Networking and Education Series
People impacted by cancer do better and feel better with psychosocial support. As a professional in the field, you want the best outcome for those in your care. Research shows an increased survival rate and better quality of life for people impacted by cancer who receive psychosocial support. Join us to exchange thoughts, connect with other professionals and learn about psychosocial topics from the experts at Wellness House.
SECOND FRIDAYS ONLINE
Dates and topics are below; scroll down to register for one or multiple days.
8:45 – 9:00 a.m. Check-in and Networking
9:00 – 9:45 a.m. Presentation
9:45 – 10:00 a.m. Q & A
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Cancer and the World We Live In
April 9 – Cultural Competency
The increasing diversity of our nation brings opportunities and challenges for health care providers and systems to create and deliver culturally competent services. Cultural competence is defined as the ability of providers and organizations to effectively deliver health care services that meet the social, cultural, and linguistic needs of patients. A culturally competent health care system can help improve health outcomes and quality of care and can contribute to the elimination of racial and ethnic health disparities. Join us as we explore strategies to move towards these goals.
Cancer through the Life Span
Through the lenses of developmental stage, communication, caregiving and resources, we will explore:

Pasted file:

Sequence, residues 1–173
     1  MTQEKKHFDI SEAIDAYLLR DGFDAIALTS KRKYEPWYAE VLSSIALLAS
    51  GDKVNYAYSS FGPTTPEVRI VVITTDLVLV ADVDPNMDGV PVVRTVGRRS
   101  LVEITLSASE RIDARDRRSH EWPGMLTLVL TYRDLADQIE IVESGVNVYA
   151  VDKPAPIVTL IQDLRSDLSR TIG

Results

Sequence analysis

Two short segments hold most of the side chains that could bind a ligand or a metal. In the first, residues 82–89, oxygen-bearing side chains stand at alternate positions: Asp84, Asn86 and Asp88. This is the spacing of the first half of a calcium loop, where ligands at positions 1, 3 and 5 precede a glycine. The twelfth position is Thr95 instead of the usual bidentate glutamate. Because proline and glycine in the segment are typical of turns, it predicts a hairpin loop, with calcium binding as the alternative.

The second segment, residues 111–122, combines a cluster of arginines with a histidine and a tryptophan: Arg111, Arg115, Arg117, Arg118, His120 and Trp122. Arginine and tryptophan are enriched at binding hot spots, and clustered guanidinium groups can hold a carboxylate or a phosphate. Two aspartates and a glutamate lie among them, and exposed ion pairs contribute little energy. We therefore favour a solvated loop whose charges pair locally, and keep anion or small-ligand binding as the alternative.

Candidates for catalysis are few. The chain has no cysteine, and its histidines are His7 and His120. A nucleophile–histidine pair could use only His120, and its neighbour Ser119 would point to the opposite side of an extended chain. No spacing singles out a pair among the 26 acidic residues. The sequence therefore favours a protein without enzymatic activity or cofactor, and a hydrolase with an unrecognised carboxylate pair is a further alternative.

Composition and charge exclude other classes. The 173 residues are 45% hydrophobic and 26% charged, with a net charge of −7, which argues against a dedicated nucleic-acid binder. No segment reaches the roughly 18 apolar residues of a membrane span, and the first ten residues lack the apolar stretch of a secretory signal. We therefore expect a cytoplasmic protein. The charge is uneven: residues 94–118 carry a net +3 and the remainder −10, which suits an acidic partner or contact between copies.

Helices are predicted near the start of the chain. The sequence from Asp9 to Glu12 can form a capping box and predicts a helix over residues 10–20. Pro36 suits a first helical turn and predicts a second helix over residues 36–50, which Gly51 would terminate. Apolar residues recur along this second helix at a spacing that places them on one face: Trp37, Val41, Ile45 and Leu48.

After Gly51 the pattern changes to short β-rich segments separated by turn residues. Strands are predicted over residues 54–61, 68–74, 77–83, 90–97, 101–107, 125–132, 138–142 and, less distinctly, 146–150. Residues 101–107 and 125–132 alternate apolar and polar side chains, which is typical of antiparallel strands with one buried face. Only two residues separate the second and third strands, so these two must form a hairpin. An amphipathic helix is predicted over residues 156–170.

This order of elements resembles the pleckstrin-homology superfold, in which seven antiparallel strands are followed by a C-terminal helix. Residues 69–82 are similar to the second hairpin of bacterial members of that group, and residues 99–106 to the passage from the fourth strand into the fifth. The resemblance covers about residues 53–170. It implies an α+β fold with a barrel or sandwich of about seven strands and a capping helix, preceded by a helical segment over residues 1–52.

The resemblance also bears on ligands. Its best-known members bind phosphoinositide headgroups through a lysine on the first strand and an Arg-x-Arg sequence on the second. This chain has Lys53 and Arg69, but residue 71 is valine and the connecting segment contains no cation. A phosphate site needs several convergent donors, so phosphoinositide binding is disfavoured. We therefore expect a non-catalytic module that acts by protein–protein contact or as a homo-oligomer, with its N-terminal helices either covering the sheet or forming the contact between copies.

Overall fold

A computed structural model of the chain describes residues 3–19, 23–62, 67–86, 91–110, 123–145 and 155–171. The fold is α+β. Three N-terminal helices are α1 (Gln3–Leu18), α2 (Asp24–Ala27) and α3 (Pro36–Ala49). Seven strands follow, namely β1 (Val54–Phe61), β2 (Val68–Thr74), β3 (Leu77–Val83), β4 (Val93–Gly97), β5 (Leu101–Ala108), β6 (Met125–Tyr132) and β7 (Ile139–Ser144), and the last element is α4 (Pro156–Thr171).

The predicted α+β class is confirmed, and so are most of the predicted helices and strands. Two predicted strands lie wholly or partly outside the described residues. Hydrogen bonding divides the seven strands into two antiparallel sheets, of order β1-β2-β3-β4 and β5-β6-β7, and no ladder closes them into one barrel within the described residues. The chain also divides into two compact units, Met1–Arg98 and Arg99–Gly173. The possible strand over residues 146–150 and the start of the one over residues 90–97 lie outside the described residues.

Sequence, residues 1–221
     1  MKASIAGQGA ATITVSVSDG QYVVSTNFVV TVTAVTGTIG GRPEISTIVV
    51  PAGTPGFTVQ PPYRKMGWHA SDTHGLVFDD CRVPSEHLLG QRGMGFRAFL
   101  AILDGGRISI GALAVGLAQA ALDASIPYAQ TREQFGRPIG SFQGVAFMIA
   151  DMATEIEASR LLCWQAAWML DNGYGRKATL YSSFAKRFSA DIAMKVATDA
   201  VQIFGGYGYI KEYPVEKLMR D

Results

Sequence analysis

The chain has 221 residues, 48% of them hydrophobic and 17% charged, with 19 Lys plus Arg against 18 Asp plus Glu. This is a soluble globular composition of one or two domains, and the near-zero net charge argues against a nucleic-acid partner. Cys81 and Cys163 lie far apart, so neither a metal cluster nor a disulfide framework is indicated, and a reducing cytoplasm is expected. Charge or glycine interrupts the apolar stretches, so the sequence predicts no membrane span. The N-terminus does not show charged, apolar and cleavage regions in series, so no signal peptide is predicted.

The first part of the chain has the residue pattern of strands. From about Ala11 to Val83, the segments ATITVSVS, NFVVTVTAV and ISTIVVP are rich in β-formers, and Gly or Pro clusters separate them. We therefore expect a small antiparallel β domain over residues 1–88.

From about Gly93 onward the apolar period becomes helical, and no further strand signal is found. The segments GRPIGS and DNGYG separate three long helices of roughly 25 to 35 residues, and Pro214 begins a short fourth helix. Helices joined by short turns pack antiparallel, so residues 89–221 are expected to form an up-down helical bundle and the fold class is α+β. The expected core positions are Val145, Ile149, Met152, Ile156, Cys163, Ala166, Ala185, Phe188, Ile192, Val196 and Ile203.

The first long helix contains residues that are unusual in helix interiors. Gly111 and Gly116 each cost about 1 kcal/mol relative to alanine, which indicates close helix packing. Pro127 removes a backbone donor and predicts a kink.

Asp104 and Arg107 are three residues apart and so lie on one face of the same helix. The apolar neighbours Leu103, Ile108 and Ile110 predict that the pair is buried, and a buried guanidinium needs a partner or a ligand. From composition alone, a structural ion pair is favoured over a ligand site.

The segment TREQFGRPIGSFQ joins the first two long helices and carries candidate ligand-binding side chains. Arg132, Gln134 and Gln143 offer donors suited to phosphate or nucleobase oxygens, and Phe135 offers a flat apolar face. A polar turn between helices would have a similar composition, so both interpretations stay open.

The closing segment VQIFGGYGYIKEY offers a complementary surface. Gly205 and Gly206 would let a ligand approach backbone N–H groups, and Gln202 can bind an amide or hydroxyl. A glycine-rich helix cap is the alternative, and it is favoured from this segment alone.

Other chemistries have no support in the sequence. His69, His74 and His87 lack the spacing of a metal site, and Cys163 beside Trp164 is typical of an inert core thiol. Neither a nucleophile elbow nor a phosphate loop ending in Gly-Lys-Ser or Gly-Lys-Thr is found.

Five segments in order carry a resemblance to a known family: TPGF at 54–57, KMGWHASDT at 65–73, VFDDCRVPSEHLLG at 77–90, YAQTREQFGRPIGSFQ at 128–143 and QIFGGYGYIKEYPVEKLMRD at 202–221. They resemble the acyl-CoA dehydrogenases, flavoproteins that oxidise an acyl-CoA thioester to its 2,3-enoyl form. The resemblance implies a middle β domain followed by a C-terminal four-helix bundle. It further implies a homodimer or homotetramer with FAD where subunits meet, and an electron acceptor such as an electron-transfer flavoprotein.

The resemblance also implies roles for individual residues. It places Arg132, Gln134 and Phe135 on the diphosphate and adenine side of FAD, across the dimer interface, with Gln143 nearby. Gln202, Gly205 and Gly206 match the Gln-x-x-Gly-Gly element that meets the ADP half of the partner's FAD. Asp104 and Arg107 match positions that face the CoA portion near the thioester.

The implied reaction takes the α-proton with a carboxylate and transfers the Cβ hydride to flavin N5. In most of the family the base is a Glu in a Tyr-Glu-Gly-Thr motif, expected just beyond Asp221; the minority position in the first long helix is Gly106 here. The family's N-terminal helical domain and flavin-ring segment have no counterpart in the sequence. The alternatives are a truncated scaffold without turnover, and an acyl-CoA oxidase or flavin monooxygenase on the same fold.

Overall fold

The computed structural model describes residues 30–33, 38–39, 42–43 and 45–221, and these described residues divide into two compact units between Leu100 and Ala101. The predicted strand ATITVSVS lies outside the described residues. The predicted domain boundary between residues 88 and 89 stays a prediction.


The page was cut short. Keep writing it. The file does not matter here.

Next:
May 14 – Working with Pediatric Patients
When a child faces a cancer diagnosis and treatment, all aspects of their growth and development can be impacted. Join us as we discuss developmental needs of the child, strategies for communicating with the child and parents, challenges of parenting and caregiving during treatment, and available resources so that we may best support and empower those facing a pediatric cancer diagnosis.
June 18* – Working with Young Adult Patients
*in June, Professional Perk will meet on the third Friday of the month
Since 1973, there has been a concerning 30% increase in AYA cancer diagnoses. In 2020, it was anticipated that just shy of 1 million people ages 15-39 would have their lives upended by this devastating diagnosis. What is driving this rapid rise in AYA cancer rates? And what are the long term implications when cancer disrupts physical + psychosocial development at such a critical period? Join us for an engaging discussion about the special issues faced by our AYA survivors, their families and caregivers, and how we as professionals can proactively support and advocate for these uniquely vulnerable patients. We will cover topics ranging from oncofertility to financial risks to mental health and include concrete suggestions for interventions and resources that you can use in your practice.
July 9 – Working with Middle Adult Patients
When a middle aged adult, a person generally from 40-60 years-old, faces a cancer diagnosis and treatment, many aspects of their growth and development can be affected. Join us as we discuss the developmental needs of someone in this age group, useful communication and relationship styles, affects of the cancer experience on associated caregivers and some potentially-useful resources for all involved
August 13 – Working with Geriatric Patients
By 2030, older adults in the United States are projected to outnumber children for the first time in history. This change is known as the Silver Tsunami and it impacts geriatric medical care. As we age, our needs change. Geriatric patients may have complex needs related to cognitive changes, changes in family support, comorbid conditions, and more. Join us to learn about the developmental stage, communication, caregiving, and resources for this growing population
September 10 – Busting Cancer Nutrition Myths
October 8 – Overcoming Physical Activity Barriers
November 12 – Go-To Interventions
December 10 – Complementary RX: Laughter, Happiness and Gratitude